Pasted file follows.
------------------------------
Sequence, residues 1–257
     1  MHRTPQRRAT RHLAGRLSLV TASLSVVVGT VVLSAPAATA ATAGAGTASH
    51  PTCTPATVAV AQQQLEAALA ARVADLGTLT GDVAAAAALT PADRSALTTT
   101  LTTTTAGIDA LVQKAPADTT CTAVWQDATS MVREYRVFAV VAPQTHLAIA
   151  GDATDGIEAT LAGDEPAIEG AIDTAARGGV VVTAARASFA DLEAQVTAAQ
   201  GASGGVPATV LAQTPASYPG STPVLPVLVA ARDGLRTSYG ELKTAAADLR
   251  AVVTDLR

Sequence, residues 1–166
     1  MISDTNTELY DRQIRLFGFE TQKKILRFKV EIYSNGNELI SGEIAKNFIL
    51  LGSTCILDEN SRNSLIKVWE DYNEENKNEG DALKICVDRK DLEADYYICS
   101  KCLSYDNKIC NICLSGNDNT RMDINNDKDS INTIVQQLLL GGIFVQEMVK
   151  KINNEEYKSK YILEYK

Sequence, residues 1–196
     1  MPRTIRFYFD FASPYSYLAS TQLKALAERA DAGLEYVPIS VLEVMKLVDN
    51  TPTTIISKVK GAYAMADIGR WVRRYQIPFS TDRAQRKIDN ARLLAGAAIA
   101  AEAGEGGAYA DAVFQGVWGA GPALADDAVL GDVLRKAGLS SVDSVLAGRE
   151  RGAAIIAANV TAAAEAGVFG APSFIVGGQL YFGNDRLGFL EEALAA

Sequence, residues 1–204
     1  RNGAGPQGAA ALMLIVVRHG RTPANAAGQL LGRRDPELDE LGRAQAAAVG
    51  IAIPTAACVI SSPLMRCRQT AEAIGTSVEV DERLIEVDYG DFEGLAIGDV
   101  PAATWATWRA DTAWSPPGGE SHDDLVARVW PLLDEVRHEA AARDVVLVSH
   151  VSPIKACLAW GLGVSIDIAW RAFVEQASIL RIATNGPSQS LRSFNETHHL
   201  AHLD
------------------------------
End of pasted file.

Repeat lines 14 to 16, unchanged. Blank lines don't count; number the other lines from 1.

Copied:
     1  MPRTIRFYFD FASPYSYLAS TQLKALAERA DAGLEYVPIS VLEVMKLVDN
    51  TPTTIISKVK GAYAMADIGR WVRRYQIPFS TDRAQRKIDN ARLLAGAAIA
   101  AEAGEGGAYA DAVFQGVWGA GPALADDAVL GDVLRKAGLS SVDSVLAGRE